Gratitude does not silence my voice. Gratitude leads my advocacy. It reinforces my circle of strength and protection for my clients and their right to a safe and sacred birth. Gratitude does not mean being mild and acquiescent. Gratitude helps me find the person on the team who will step up, support, bend—or apply—the rules so my clients get better care. Gratitude can help my clients stay clear and focused. Gratitude might create a space for change on an individual level that creates an institutional memory of a different way to function. Gratitude can change a single birth in a single moment and can help make an inroad in the big picture. It’s life work. It’s heart work.
Thoughts about Labor Pain
Pain is an output of the brain—not the uterus—and parents can do a lot to modulate pain perception.
Usually, pain means something is wrong. Labor is the only positive pain that exists.
—Christina Zingrich Gazdag
It’s pain with a purpose. It’s a physiological, not pathological, event in most cases. It’s blood, sweat, poop, vomit, and tears sometimes. But that’s okay. When women come into labor expecting that if they just do some method right, there won’t be pain, they are completely unprepared for reality. For some women, there isn’t as much pain, discomfort, intensity, etc., as for others. But painlessness is not something that you can study your way into.
Talking About Postpartum Sexuality with Clients
One of the biggest things that I impress upon them is to not have sex, including anal sex, until mom is 100 percent sure that she feels comfortable physically and emotionally. I instruct partners to take extra-special, gentle care, including using extra lubrication and to wine and dine her as though they are trying to get her in bed for the first time. I talk about how, while things get stretched out, they typically go back to normal. There may be things that the couple didn’t like before that they may like now or things that they liked before but don’t like now. It is a time of exploration and experimentation with each other again. I try to impress upon them the importance of making sure that they take it slow and that, even if breastfeeding, they need to continue to use a form of barrier or natural family planning until they decide to have another baby.
Once the tear is healed (if applicable) and the bleeding has stopped (signaling that the uterus is healed), then couples can resume sex when it sounds good. Some people are ready at two weeks and others aren’t ready at two months! Also, lube is your best friend if breastfeeding, and loads of foreplay, which includes partner doing dishes, laundry, giving massages, etc.
I tell them to beware the morning knock and always use protection.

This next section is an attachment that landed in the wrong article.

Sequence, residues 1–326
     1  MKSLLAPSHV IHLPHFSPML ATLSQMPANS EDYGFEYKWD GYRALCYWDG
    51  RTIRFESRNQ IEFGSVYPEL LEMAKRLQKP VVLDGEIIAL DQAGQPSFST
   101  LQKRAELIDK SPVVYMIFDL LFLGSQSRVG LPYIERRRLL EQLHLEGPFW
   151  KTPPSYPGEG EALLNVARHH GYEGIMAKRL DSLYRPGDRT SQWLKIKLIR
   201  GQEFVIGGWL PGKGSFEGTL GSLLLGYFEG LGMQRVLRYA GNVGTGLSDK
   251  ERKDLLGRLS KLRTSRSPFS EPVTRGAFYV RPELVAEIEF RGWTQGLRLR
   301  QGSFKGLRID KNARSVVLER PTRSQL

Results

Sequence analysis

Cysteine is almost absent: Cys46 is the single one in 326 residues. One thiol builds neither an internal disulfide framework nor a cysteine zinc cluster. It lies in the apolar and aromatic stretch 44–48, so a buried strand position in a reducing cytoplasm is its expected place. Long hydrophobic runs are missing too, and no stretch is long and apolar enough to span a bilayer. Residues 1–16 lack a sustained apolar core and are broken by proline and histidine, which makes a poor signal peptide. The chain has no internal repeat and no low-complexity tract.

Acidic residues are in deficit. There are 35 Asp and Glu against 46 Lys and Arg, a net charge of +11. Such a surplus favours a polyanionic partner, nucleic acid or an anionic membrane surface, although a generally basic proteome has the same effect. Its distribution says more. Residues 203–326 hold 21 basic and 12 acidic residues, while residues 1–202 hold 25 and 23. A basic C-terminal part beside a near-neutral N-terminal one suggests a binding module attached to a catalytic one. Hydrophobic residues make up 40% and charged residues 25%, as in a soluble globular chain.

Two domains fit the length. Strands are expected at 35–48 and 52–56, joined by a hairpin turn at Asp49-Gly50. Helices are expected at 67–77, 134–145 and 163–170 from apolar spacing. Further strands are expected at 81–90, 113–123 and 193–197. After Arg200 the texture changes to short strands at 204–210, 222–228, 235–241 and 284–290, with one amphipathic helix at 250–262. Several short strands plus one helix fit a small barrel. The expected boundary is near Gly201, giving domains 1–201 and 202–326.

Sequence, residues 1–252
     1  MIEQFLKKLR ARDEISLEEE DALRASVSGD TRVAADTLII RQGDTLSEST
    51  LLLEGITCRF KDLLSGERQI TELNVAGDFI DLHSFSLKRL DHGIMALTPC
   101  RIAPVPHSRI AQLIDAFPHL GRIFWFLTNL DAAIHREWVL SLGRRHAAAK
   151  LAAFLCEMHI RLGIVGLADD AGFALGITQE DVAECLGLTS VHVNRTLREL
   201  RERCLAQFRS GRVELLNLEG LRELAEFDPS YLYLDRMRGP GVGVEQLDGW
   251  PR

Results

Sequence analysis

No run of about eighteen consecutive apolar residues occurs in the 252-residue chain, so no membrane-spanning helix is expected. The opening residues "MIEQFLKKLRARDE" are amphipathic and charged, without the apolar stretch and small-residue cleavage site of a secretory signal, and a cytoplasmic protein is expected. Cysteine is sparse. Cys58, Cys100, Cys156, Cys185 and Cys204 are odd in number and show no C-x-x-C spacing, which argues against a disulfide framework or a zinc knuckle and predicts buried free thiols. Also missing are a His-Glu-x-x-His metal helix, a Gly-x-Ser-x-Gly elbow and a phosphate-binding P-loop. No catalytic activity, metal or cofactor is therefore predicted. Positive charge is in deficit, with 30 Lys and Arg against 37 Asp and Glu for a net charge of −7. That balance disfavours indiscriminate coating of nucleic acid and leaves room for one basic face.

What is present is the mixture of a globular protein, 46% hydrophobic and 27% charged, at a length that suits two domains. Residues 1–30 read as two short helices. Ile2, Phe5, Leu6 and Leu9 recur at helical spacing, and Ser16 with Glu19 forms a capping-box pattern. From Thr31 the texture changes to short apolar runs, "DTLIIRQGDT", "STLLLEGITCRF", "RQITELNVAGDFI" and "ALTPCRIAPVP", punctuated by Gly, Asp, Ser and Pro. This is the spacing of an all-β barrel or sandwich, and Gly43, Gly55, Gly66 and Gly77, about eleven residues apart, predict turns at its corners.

I tell them to resume only when mom is ready, use lubricant, expect milk release, and let’s discuss contraception first.
You should not have to justify not doing an intervention but, rather, justify why you need to intervene. The question should be, what research do you have for going against physiological norms?
Delayed Cord Cutting
Dozens of studies and hundreds of articles support delaying clamping until the placenta has fully drained. Since this generally takes longer than five minutes, the placenta is frequently delivered before clamping. But there’s an excellent and very large comparison study of physiologic third stage from Australia, which defined physiologic third stage as cord clamping after delivery of the placenta. It showed that this reduced maternal hemorrhage by about half, compared to active management. So, most of the studies are looking at benefits in babies but that one is very clearly related to the mothers.
I wait at least an hour, especially at my Amish births. Typically, once the cord is cut, the grandmas feel the immediate need to bathe baby (barely lukewarm water, usually) and get baby dressed. Then, it’s hard for mom to get her baby back. When the cord hasn’t been cut, baby is still attached and that keeps baby skin to skin and breastfeeding.
I worked with Robin Lim during the Typhoon Yolanda response. Her cord-cutting protocol was four hours after birth. Hundreds of birthing women just walked into the tent clinic with no prenatal care and during the worst natural disaster ever to hit the planet. We saw no postpartum hemorrhage because we also let placenta come in its own versus managed care or Pitocin. We saw no issues with babies or breathing, no jaundice, easy breastfeeding, and no infections. That was all I needed to reconfirm the way I felt and practiced. So now I wait until the newborn exam occurs unless I am asked otherwise. But generally, women are excited to leave it that long.